• 9. crashed into the room with a wild look in his eyes. He wasn’t verytall, but he was very strong. ‘Where are you from?’ he asked. ‘Mobile,’ I told him. ‘That’s a stupid town!’ he said. And that was all of our conversation for several days. On the practice field, things didn’t start very well. I got the ball,but I ran the wrong way with it, and everybody got angry andstarted shouting at me. But Coach Bryant called me across. ‘Just get in the line and startcatching the ball,’ he told me. And then I told him something that he didn’t want to hear. ‘They never taught me to catch a ball at high school,’ I said. ‘Itwas difficult enough for me just to remember where our goal linewas.’ I don’t think he was very pleased. But he started to teach me tocatch. I wanted my Mom, and I wanted to go home. I didn’t like thatplace. And Curtis was always angry, and I couldn’t understand him. Hehad a car, and sometimes he gave me a ride to the practice field. Butone day when he had to change a wheel on the car, I helped him. ‘If you’re an idiot,’ he said, angrily, ‘how do you know how todo that?’ ‘Maybe I am an idiot,’ I said, ‘but I’m not stupid.’ Then Curtis ran after me, and called me all kinds of terriblenames. After that, I moved my bed to another room. ♦The first football game was on Saturday. I ran well, and we won 35to 3. Everybody was pleased with me. I phoned Mom to tell her. ‘I heard the game on the radio!’ she said. ‘I was so happy, Iwanted to cry!’ 5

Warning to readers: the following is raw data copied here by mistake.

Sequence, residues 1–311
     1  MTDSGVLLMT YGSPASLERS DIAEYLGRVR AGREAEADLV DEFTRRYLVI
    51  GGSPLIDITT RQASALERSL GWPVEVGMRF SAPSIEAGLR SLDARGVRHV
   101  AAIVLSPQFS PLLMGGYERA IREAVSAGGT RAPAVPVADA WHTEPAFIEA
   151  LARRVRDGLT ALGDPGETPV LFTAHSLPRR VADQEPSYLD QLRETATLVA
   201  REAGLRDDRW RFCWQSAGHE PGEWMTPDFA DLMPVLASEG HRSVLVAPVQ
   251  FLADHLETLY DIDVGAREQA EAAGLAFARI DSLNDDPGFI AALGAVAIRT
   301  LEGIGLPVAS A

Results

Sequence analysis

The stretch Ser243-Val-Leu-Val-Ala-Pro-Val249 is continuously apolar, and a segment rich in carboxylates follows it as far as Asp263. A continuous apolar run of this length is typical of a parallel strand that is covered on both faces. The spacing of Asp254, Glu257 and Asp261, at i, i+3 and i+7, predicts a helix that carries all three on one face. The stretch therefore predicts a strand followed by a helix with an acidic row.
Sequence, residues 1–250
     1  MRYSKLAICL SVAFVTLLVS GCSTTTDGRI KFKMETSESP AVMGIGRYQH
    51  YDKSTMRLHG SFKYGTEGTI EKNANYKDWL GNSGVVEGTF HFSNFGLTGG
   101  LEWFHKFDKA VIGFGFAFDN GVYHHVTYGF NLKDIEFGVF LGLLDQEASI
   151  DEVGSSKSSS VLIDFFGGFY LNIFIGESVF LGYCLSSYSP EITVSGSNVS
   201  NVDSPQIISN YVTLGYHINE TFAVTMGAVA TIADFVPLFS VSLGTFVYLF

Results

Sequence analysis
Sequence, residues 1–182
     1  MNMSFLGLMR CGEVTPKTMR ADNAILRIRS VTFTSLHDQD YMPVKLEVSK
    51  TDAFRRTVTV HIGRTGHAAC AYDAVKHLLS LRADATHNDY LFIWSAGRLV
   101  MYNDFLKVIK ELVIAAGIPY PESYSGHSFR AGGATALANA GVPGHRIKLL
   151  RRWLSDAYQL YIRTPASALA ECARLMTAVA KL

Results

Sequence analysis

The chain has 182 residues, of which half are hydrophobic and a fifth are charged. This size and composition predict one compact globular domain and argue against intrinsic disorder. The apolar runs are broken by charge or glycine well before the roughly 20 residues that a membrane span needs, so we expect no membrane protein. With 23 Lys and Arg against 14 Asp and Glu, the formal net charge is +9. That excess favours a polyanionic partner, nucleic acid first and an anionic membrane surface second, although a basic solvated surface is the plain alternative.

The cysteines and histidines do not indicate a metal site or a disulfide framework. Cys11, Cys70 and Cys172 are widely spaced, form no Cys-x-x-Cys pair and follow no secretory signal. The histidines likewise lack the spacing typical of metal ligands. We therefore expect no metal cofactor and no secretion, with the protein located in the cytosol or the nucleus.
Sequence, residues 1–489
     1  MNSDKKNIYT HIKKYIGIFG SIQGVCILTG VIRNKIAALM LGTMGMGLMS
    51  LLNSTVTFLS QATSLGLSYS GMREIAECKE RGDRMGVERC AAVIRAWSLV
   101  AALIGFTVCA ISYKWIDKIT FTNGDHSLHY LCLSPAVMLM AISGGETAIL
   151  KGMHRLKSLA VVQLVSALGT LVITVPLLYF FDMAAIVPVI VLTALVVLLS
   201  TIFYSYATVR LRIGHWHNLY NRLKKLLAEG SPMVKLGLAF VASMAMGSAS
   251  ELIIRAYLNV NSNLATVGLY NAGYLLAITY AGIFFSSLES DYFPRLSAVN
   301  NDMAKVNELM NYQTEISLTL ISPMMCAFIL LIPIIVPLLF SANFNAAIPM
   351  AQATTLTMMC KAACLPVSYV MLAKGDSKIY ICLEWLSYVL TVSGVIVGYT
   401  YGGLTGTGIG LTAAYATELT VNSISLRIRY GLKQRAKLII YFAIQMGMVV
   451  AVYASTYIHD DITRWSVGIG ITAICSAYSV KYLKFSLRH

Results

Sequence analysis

• 10. That night, everybody went to parties, but nobody asked me togo. I went back to my room, but I heard music from somewhereupstairs. I found a young man who was sitting in his room playingthe harmonica. His name was Bubba. He broke his foot in football practice andcouldn’t play in the game. I sat and listened to him. We didn’t talk,but after about an hour, I asked, ‘Can I try it?’ and he said ‘OK’, andgave me the harmonica. I began to play. After several minutes, Bubba was getting really excited andsaying, ‘Good, good, good!’ Then he asked, ‘Where did you learnto play like that?’ ‘I didn’t learn anywhere,’ I said. When it got late, he told me to take the harmonica with me, andI played it for a long time in my room. I found a young man who was sitting in his room playing the harmonica. 6